What is the Internet of Things (IoT)
The Internet of Things, or IoT as it is abbreviated to, in its simplest explanation refers to physical objects (things) which connect to the internet and interact with each other as a network, without the need for human interaction.
The IoT is already present in most of our daily lives. Think smart homes which adjust lighting, heat, and other features based upon inbuilt sensors, or smart watches, which track our health and provide real time updates to individuals or healthcare professionals.
Although a new and swiftly developing field, the potential uses of the connectivity of technology has almost limitless uses, and many experts see the IoT vastly changing the face of many industries essential for day-to-day life.
The crucial element to the IoT is it’s ability to connect devices and allow those devices to make decisions with no human interaction by using the data they continually collect and analyse.
How can the IoT be applied to Supply Chain?
It is fairly easy to see how this technology could have a vast impact across the supply chain. From sensors that track the precise location of goods, or the temperature and humidity of perishables for food and pharma industries, to automated warehousing where devices can be used to trigger automated systems and robots for the movement of goods, there are many uses for this new tech, and we are just at the start of this journey.
According to the UK Department for Business, Energy & Industrial Strategy, the IoT is given a large focus as a facilitator for digital transformation in the Supply Chain sector. With the continued development of Industry 4.0 technologies, the IoT will allow companies to reduce waste, increase forecasting accuracy, adjust to so called “black swan events” with improved agility, and allow for greater control in an ever more volatile world.
What will this mean for recruitment in Supply Chain?
It would be easy to think that with so much new tech we will soon be living in a world where humans are obsolete and all decisions and actions are taken by programmed intelligent objects, computers and robots.
The reality, however, is that while emerging technology will certainly drastically alter the way in which we make decisions to drive efficiency, quality, and customer service, this technology will not make humans obsolete. In short, roles may be changed, but we still need people to make complex decisions based upon the new data, and many elements of Supply Chain rely on communication and collaboration – something you can’t really program, at least not yet.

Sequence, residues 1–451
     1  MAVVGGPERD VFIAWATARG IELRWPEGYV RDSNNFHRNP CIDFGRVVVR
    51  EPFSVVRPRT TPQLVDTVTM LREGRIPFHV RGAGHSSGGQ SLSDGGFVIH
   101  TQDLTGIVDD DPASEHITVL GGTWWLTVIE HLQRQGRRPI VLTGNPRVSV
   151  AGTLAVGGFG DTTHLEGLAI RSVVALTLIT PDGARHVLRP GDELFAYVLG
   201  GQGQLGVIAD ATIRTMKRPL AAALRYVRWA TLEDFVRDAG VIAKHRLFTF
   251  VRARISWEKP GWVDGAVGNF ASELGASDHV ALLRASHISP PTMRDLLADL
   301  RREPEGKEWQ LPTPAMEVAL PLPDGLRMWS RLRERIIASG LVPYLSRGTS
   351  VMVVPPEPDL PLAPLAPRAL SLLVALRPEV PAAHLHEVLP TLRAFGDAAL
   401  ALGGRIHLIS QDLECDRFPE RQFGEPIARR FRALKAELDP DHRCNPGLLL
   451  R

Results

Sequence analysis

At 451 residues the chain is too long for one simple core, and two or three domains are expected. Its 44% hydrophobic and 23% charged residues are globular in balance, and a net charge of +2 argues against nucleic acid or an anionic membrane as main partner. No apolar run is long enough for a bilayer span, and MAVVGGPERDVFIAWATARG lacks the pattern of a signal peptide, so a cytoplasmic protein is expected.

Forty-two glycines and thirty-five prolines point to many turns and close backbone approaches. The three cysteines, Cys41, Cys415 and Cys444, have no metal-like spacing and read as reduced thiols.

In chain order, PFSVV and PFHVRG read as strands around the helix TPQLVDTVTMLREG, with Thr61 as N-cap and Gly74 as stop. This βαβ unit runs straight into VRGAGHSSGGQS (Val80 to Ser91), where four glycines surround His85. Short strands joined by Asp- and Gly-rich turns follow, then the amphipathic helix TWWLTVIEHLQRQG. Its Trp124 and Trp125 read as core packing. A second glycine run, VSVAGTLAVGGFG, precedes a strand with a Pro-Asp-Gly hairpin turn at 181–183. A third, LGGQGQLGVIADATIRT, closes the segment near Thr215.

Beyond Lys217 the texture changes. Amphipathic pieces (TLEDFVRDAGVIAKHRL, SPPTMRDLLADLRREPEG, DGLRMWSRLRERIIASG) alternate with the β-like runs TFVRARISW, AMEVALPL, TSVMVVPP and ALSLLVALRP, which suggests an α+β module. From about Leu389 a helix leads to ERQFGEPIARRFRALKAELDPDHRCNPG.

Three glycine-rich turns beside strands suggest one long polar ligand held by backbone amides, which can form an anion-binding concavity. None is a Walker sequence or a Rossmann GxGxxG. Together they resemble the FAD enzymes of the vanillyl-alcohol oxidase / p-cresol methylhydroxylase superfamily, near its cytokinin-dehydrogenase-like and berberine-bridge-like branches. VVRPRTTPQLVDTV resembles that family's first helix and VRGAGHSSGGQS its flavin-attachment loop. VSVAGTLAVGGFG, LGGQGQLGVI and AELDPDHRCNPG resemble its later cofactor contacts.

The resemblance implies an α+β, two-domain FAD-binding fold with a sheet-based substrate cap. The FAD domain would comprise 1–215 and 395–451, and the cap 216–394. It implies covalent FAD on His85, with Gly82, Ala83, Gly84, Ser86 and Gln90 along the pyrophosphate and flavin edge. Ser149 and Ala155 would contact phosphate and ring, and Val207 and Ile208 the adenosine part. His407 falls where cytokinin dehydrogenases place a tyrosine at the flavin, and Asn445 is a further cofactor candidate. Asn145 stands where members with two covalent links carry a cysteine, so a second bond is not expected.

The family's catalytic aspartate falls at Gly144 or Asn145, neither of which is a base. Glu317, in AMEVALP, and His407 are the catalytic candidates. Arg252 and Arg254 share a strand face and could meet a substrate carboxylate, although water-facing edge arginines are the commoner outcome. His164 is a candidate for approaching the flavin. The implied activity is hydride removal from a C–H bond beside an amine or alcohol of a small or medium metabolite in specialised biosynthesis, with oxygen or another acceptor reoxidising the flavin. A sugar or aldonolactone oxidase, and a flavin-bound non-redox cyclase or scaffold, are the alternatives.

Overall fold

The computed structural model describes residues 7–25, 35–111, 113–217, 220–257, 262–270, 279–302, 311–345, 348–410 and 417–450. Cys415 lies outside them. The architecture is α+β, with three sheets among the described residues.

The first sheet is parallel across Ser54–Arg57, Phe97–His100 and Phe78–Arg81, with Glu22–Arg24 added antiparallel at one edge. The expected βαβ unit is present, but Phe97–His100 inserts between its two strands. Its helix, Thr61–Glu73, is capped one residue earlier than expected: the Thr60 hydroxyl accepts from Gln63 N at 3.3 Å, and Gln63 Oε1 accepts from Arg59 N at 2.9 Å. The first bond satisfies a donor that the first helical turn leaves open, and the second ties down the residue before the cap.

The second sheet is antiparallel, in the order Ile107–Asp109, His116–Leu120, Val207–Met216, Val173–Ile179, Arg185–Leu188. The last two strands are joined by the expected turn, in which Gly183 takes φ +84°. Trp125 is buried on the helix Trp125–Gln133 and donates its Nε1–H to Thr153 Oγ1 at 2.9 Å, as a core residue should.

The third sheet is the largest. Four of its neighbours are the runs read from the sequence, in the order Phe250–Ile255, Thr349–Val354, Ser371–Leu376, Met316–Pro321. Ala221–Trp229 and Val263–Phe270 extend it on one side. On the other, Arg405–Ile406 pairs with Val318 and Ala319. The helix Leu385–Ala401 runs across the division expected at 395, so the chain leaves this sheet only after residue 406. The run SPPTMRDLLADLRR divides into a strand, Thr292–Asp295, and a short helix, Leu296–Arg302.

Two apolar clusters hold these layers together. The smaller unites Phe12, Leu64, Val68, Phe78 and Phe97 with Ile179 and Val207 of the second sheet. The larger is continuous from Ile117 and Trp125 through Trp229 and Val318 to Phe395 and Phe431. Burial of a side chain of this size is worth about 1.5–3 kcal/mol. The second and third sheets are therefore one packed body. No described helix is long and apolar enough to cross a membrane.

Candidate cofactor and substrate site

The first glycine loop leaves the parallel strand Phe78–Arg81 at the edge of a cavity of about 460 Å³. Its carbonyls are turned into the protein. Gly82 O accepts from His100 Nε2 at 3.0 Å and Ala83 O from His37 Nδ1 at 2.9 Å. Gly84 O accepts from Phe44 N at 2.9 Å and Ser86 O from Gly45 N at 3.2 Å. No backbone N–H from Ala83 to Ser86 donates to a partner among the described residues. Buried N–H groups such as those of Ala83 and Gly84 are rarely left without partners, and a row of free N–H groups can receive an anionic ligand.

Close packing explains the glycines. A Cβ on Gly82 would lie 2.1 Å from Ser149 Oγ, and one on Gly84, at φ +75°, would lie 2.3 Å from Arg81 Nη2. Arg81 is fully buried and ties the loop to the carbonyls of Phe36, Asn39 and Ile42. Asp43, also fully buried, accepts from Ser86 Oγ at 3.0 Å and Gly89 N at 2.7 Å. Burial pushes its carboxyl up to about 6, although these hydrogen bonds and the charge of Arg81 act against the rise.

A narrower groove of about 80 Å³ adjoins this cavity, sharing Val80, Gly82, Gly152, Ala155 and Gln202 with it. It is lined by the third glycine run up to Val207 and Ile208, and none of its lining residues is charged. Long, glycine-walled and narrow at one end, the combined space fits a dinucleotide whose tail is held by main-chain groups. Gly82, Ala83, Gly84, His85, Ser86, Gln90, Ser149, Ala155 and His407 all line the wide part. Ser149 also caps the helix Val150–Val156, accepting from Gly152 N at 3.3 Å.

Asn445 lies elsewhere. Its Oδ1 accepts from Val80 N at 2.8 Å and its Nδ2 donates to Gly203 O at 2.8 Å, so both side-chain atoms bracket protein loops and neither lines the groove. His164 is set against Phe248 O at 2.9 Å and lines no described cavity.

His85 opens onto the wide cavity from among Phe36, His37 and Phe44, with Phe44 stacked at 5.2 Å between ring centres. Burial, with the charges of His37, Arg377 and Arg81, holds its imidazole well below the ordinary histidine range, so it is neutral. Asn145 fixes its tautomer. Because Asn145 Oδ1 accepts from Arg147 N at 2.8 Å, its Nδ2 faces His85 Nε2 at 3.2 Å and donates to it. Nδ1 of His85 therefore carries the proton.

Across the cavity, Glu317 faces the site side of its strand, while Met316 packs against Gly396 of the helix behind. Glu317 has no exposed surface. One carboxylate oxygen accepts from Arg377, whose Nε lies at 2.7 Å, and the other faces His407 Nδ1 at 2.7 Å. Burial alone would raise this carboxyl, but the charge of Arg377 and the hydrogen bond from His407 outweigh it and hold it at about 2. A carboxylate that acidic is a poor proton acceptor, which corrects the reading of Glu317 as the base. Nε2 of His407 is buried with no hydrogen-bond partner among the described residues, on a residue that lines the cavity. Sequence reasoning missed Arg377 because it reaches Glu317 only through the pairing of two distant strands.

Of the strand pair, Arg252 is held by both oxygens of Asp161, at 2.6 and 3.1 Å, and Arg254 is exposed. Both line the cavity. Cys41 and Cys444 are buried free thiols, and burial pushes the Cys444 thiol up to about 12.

When it comes to IoT there are many ways in which this technology creates new opportunities for roles within Supply Chain. As more devices interconnect, there will be a greater need for individuals who are able to analyse large complex data sets generated by these objects to find opportunities for improvements and optimisations. These devices also have a life-span and all need maintenance to ensure continued functionality, let alone the continued updates and upgrades needed to software and programming to ensure that the tools evolve as we discover newer innovative ways to put it to use.
Companies will also look to develop new tools, software, and platforms to utilise the IoT and make the complex systems functional for operational staff. In doing so businesses will need Dev Teams, Product Managers, and Architects able to understand the complexities both of technology and Supply Chain in order to develop bespoke systems that tailor to the specific needs of their supply chain.
Additionally, traditional roles such as an analysts, forecasters, and planners will, rather than disappear, modulate to incorporate an ever more technologically literate skillset. Candidates who upskill in this area (and businesses who provide support and training for this knowledge growth) will find themselves in a stronger position as we move through the twenties.
It’s easy to imagine a future where technology and supply chain collaborate even more closely than they already do with the leadership in both fields gaining more knowledge and exposure in each.
Organisations that place a large focus on using emerging technology like AI, ML, and IoT within their Supply Chain and Logistics networks will undoubtably have an advantage over their competitors – though the investment into the earliest versions of these technologies may be costly and out of reach to all but the largest blue-chip companies.
Utilising the ability to achieve greater data accuracy, automated processes, and a visibility never seen before will allow businesses to react with greater speed to incidents, speed fulfilment times, and use ‘in the moment’ analysis to lead decision making. But, without the focus on upskilling current staff, or working with institutions like universities and accreditation bodies to develop specialised training programs to develop individuals with a dual understanding of Supply Chain and Technology, there is the potential for a volatile job market with a scarcity of talent in this niche field.
We have already seen a shift at Pod Talent, with more junior roles requiring systems knowledge, and the salaries of key skillsets such as aforementioned Architecture and Product Management positions inflating at a greater rate than other roles in the supply chain field. We believe that collaborating with a dedicated talent partner who has a unique understanding of the complexities of both supply chain and technology will be an immense value add in the effort to digitise and innovate in this area.
If you want to reach out to Simon to discuss any element of this article, what your business is doing in the supply chain tech space, or simply for an informal chat around the market, they can be contacted via email. Simon@pod-talent.com